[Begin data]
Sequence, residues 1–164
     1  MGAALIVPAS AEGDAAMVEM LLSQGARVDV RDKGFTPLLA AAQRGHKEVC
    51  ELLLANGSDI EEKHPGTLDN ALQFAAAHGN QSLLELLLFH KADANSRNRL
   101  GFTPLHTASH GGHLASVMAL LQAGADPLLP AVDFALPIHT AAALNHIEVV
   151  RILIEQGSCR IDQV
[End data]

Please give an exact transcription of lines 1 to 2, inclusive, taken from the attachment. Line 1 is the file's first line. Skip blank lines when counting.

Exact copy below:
Sequence, residues 1–164
     1  MGAALIVPAS AEGDAAMVEM LLSQGARVDV RDKGFTPLLA AAQRGHKEVC